There is an emerging trend in London and New York of diners paying to secure reservations at some of the most sought-after restaurants, but not everyone in the industry is convinced it’s for the best.
An article from The New York Times published on 4 November noted the growing phenomenon of people paying to get tables, whether through a concierge service, a members’ club, or a NFT (non-fungible token) that entitles them to skip the queue. In one instance cited in the article, a diner wishing to visit Dames, a fish and chips restaurant in the West Village, a diner might pay US$1,000 to be able to book a table there once a week through to the end of 2022.
When asked whether he thought we might see similar scenes in London, Wine List Confidential writer Douglas Blyde said: “I can’t see it being as direct over here. Instead, we have venues such as Planque, where membership benefits such as handmade stemware and a degree of wine storage are extended to guests for a modest membership fee.”
But there are more formalised methods for buying/bidding on reservations on the rise on both sides of the Atlantic.
Rezexe is one platform that is capitalising on the desire to pay for a table at some of London’s best-known restaurants. WLC spoke with Dino Joannides, the company’s global head of business development, about this phenomenon: “There actually is an existing market for the re-sale of reservations, and there has been for a long time. It’s probably best to call it a ‘black market’, or a ‘grey market’.”
What Rezexe seeks to do is to loop operators into this re-sale market, giving restaurants a degree of say in terms of who goes there. “We wanted to create a win-win for the restaurant, the buyer, and the seller,” Joannides explained. “Completely independent” from reservation systems such as Resy and Open Table, the platform “only comes into play when the reservation is made”.
Rezexe takes 7.5% of the payment, and the restaurant, which is looped in, can choose to take a cut or put it into a tronc (Joannides mentioned £50 as an example of a typical bid for a table). WLC was also informed that the option to donate a percentage to charity is also in development.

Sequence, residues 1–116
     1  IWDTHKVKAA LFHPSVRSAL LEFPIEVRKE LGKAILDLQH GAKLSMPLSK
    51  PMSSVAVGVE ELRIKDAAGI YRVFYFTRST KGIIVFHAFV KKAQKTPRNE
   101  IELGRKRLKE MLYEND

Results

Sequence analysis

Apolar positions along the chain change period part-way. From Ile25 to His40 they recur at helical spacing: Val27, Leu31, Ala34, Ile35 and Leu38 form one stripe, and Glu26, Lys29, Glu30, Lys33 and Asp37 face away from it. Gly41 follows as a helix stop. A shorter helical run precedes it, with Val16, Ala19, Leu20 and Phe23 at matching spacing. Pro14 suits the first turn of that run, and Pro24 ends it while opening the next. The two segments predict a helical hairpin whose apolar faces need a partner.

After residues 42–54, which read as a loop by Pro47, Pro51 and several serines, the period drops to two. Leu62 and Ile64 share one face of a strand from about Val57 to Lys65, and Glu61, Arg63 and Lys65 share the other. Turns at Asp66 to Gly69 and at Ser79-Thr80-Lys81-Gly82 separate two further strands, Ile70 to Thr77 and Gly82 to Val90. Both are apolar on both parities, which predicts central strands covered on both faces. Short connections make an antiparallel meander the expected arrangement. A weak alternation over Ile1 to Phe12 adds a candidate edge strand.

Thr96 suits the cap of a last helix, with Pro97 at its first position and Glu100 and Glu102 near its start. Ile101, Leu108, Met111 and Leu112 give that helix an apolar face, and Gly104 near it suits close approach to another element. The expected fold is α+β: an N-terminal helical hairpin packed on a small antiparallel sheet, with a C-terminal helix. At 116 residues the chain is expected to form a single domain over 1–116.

But, beyond the mechanics of paying for a reservation, why is this trend growing? Joannides believes that a number of factors can be cited, namely due to pandemic-induced changes to restaurant culture: “Post-Covid, people seem to be going out earlier, they’re saying that 6.30pm is the new 8pm.” Furthermore, the rise in working from home on Mondays and Fridays means that Thursday has become the busiest night in the city – and competition for tables has increased.
Though the Pandemic caused significant damage to the hospitality industry, the desirability to get a booking at high-profile restaurants remains high: “New restaurant openings attract attention and people are desperate to go.”
But the practice is not without its critics. Speaking to WLC, Russell Norman, the restaurateur behind Brutto in Farringdon and Polpo, suggested that the principle of selling reservations was “immoral” and would only encourage profiteers: “In my opinion it’s exactly the same as what they call ‘scalpers’ in the States and what we call ‘ticket touts’ here. I think it goes against the whole spirit of restaurants: you should book if you want to go there. It puts restaurant reservations and tables into the same category as getting a ticket to see Coldplay.”
For Norman, the breaking point came during his time at Zuma in the early 2000s. An (unnamed) investment bank would make a block booking for six people every Thursday. Once, while ringing to check the reservation, he overheard people shouting across the trading room floor, bidding for a spot at the table “like it was some sort of game” – Norman was so disgusted by this that he put his foot down. “I’ve never endorsed unfairness and anything that goes against the spirit of hospitality,” he concluded.
Of course, there are operators embracing it. Among the big name London restaurants to use Rezexe, for example, there’s the Michelin-starred likes of Claude Bosi at Bibendum and Pied à Terre.
It might not just be those restaurants that make it into the tyre manufacturer’s prestigious guide that partake, according to Blyde: “Overall, venues of every level are likely going to need to increase revenue as we enter a winter of discontent owing to potentially vertigo-inducing inflation, and may seek to plug financial shortfalls by doing deals with drinks suppliers who will seek to fix contracts on by the glass pours, for example, and even purvey mono-supplier lists.”
“Confirmed reservations are gold dust for restaurants – no shows are a big problem,” argued Joannides. Indeed, with UK restaurant insolvencies up by 46% in the quarter to September this year, it might become a necessary practice for many establishments. Of course, there are other means of clamping down on diners not turning up, such as charging them should they not arrive, or shaming them on social media.
In an age where going to certain restaurants is already a status symbol, putting another price on dining out could seem like a natural progression, but how diners react to it if it becomes more common is another matter entirely. Though one of the quainter stereotypes about the British is that they loathe queue-jumping, there are doubtless plenty prepared to pay to get into certain eateries, even if doing so may well make those restaurants inaccessible to those who wish to wait to get a booking.
To read about how London restaurants are adjusting to inflation, click here.
This article was originally published by the drinks business and has been shared with permission.